Oct 2, 2011 - Physical Ed    2 Comments

Why I Have Pink Hair

There’s a girl in my building who’s completely baffled by my hair.

“So, your hair’s pink now,” she says.

“Yup,” I reply happily.

“But before that, it was blonde for a little while,” she says, frowning.

“Uh-huh. I bleached it so the pink would be brighter,” I explain.

“Right. But before that, you just had pink streaks,” she says, growing uncertain.

“Yup,” I confirm.

“And before *that*, it was sort of red,” she says, her voice becoming more faint with each color on the list.

“Yup. I like red too.”

“But your real color is sort of brown.”

“Yeah, but it hasn’t been that in the longest time,” I say, smiling and wrinkling my nose.

“But…” she trails off into silence for a moment, before resuming, “… *why*?”

“Honey, my hair exists to amuse me. So it all goes horribly wrong. So what? It grows. I’ll get over it.”

To this, she can say nothing at all.

I’ve been doing strange things to my appearance since I was in high school. By my sophomore year, I’d been neatly enfolded into the clique known as The Squids, so called for the ever-so-’80s practice of shaving off all but a small, tangly, black-dyed mop a la The Cure/Siouxie and the Banshees. The apocryphal story goes that someone said it looked like dead squids on their heads. In the way of all good insults, we eventually reclaimed it as our own moniker, so The Squids we were.

The Squids were the punks, the skaters, the music geeks, the drama club, the yearbook kids, and the weirdos. We were also the intelligentsia. When the school administration threatened some of the guys with suspension if they didn’t take off the cannibalized t-shirt sleeves they wore as headbands, we responded by threatening to sue them under Title IX for gender discrimination, since girls were free to wear the very same headbands with no restrictions. We may have been weirdos, but we were smart weirdos not to be messed with.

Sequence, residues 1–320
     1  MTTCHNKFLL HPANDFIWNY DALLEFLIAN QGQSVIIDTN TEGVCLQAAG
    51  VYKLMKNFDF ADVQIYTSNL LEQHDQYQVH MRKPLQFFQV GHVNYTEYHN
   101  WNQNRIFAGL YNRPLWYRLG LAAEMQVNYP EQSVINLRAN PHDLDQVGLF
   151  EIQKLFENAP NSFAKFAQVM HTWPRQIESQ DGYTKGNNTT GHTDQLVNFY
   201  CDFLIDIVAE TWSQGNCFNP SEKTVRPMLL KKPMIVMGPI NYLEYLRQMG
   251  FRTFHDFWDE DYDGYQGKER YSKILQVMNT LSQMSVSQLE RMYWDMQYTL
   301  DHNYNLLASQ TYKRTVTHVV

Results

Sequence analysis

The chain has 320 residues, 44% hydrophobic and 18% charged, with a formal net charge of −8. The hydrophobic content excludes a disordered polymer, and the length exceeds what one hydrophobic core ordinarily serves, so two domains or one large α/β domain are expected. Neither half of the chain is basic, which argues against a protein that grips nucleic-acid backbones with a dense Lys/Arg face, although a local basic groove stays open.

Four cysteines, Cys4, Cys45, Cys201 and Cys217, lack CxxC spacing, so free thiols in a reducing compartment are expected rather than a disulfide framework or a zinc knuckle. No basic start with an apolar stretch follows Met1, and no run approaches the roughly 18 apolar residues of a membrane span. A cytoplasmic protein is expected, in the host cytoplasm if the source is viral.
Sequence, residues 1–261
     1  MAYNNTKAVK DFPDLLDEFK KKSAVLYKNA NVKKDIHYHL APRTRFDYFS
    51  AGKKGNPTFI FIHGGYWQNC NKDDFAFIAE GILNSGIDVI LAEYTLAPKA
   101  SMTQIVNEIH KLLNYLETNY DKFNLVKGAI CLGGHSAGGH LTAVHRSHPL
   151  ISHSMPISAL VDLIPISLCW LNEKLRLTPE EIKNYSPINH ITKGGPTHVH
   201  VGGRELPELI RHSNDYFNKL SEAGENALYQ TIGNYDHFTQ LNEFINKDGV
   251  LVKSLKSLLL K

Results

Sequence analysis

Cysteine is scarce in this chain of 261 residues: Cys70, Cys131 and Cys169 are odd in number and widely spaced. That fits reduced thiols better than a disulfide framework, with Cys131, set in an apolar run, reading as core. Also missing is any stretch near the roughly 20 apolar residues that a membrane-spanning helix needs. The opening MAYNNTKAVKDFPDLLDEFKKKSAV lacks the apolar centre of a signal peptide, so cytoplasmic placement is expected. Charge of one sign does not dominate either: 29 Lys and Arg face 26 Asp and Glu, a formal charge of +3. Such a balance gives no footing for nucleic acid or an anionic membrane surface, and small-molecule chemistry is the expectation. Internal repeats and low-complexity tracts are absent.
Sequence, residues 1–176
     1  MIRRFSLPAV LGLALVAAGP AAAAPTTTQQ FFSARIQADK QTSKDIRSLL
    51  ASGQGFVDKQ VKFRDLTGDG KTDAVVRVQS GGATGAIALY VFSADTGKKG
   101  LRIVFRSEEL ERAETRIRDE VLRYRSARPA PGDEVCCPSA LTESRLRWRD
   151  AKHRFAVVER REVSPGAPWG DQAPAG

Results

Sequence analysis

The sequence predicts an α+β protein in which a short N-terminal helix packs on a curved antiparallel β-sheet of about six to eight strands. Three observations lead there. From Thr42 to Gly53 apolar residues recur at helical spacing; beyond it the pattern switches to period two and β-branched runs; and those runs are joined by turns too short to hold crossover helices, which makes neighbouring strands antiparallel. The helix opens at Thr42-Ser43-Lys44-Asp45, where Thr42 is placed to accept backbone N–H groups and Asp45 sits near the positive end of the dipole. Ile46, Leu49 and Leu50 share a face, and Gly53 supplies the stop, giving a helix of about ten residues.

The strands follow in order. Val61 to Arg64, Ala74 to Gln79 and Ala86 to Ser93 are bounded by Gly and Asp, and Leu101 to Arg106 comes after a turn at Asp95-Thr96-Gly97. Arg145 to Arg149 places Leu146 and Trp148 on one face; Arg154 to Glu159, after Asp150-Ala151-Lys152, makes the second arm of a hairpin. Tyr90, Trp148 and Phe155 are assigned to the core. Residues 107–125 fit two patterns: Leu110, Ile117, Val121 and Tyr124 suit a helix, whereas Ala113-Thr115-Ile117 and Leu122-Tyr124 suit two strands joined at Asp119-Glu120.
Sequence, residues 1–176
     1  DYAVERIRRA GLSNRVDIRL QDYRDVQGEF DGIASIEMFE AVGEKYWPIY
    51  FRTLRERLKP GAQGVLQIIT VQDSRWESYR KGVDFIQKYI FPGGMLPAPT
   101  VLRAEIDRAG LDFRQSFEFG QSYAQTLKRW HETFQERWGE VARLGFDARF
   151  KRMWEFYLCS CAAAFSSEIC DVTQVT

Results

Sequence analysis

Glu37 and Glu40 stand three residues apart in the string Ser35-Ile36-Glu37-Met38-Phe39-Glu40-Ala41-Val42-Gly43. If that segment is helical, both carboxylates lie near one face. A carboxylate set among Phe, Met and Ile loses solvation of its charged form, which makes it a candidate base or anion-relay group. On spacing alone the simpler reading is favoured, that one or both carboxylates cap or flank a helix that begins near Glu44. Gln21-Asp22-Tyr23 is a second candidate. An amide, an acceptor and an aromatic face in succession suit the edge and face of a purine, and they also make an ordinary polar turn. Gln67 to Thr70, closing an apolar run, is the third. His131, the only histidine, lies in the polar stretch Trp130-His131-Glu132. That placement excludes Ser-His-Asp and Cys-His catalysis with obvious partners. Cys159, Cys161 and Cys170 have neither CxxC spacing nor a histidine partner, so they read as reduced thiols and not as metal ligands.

Over the years, my hair’s been almost every color in the Crayola box. Ironically, the only color I’ve never dyed it is black, the color of choice for teenage rebels and college hipsters everywhere. It always seemed too (get this) extreme. A nice grass green suited me quite nicely, but bright magenta pink seems to be my true element. A friend who helped me attain that hue when my hair was down to my waist several years back once said, “I’d have never believed it if someone had told me, but you actually make me think pink is your natural hair color.”

And it makes me happy, which is the whole point. That’s not easy to accomplish, appearance-wise, these days. The most common comment by adults is, “You’re so brave! I could never do something so drastic!” But when chronic pain keeps me from transforming my body with exercise, and the medications that keep that pain from being even worse keep the very limited diet I stick to from making any difference either, you take your drastic effects where you can find them.

I spend so many minutes of each day cursing almost every quadrant of my body for non-cooperation. It really adds up. The 20 minutes in the morning it takes for the pain meds to kick in so I can start moving; the 20 it takes to find clothes that fit and don’t make me feel like a cow; the 15-minute bargains I make and renew again and again to stretch the time between breaks and naps and more pain meds; the 20- and 30-minute pieces I’m having to scare up for walks and meditation as part of the pain management curriculum I’m in. And then there are the unscheduled, unmeasured moments of despair, when the folds and bulges and sags and curves, and the energy and range of motion and lift capacity and standing strength, don’t match the person you remember being, and you get sucked down until all you can do is sit on the side of your bed, in your bra and panties, and be tired and worry and cry.

So if dyeing my hair pink, or whatever color strikes my fancy, every few months costs $20 and 2 hours, and confuses my kids’ school principal and the girl in my building, but lifts my heart when I pull it back in a rushed ponytail in the morning? It’s just paid for itself.

And every kid who calls down from the top of the monkey bars as I walk across the playground, “Mrs. Banks! Cool hairdo!”?

That’s pure profit.


  • Thank you for this post! I had a full on, shaved-to-the-skin mohawk for about a year and I had never been happier with my appearance. The “why on earth would you want to do that?” was constant, and you put it into such simple terms: It made me happy. 🙂 Now to find a job that would allows such a hairstyle again…

  • As a guy with long hair who gets funny looks and shouts of “get a haircut!” I salute you.

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